When it comes to planning for diversity, equity, and inclusion in events, there are so many factors to consider that it’s easy to get overwhelmed and lose sight of the important ones.

“How to plan appropriately?”

 “Are we being biased?”

“Are we creating a comfortable environment for everyone?”

Daisy Crane, the business development manager for Travel Partner Network with American Express Meetings & Events, has shared her best professional advice through real, practical tips, and a checklist guide, for your next meeting.

First things first. Daisy emphasizes the importance of keeping in mind diversity goes beyond what our eyes can see and people’s unique traits are far more complex than gender and race. Diversity has multiple layers and is multidimensional. For example, one’s primary dimensions involve characteristics such as age, gender identity, race, and physical and mental abilities. Secondary dimensions include family composition, nation of origin, language, socioeconomic status, and education. Organizational dimensions relate to professional experiences, occupation, and institutional affiliations. Cultural dimensions include religion and cultural traditions.

With these in mind, start planning and communicating with your stakeholders to figure out where they stand on inclusivity and who your audience is. Here are six practical tips to get you started:

  1. Attendees: think about the potential “dimensions,” such as intergenerational differences, international citizenship, gender identity and equity, socioeconomic status, disabilities, religion, etc.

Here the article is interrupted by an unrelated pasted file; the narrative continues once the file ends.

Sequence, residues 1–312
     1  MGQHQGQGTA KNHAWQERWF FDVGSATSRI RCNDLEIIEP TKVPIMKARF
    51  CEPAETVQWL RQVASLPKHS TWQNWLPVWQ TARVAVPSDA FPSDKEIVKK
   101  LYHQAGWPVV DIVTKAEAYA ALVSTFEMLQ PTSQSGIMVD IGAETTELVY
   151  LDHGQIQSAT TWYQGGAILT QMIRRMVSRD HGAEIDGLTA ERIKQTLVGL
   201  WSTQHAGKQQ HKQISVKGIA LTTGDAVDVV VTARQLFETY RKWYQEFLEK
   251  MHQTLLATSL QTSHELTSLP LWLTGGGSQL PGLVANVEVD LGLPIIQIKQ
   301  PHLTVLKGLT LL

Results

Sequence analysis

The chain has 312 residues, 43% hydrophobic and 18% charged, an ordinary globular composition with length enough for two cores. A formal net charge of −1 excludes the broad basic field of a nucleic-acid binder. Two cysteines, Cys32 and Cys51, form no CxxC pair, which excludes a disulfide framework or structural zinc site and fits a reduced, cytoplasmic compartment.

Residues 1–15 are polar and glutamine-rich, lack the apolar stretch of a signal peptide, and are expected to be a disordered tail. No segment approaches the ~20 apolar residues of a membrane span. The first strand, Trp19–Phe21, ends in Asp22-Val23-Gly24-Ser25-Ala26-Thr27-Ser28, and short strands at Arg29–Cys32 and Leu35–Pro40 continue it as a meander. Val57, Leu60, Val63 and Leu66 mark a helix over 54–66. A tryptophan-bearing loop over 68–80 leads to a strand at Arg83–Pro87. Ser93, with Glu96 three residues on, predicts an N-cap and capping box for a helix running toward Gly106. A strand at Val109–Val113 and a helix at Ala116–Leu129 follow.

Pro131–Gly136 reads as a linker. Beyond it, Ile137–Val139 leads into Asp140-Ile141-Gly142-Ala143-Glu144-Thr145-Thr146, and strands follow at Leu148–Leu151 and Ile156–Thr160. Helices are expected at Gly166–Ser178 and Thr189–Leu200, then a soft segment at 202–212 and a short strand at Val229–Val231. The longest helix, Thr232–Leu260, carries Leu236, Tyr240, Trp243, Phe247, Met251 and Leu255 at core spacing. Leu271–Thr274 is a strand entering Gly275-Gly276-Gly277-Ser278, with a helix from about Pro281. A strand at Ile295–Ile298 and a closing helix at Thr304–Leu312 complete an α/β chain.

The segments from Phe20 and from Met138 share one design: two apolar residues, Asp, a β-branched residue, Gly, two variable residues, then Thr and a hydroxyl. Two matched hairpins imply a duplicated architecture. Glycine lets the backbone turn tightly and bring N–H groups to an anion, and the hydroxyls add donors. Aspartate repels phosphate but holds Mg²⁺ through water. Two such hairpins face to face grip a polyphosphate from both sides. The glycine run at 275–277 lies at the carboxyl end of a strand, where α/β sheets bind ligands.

2. Venue, format, and setup: assess if the destination/venue could be perceived as discriminatory, choose a meeting format that fosters collaboration, and evaluate if the facility/rooms layout allows convenient mobility and accessibility.
  3. Diversity of suppliers: elevate competition between existing, local, and new suppliers to drive additional value, diversity of thought, and perspectives.
  4. Speaker selection: avoid defaulting to the usual recommended speakers. Make sure speakers are representative of the audience and help promote inclusive ideas.
  5. Communication: create a strategy that is mindful of diverse imagery and gender-neutral, easy-to-understand language. Consider tools and technology needed for accessibility, such as sign language, second screens, and translations.
  6. Event date and agenda: watch for key religious and national holidays. Accommodate a variety of dietary preferences (vegetarian, vegan, etc.) and incorporate entertainment and activities suitable for diverse audiences.

It doesn’t stop here. There is much more you can do before, during, and after an event to be inclusive. Download our Checklist for Planning Inclusive Meetings and Events to learn more.

“If you don’t have a plan for inclusivity, your plan is to be exclusive.” Catrice M. Jackson.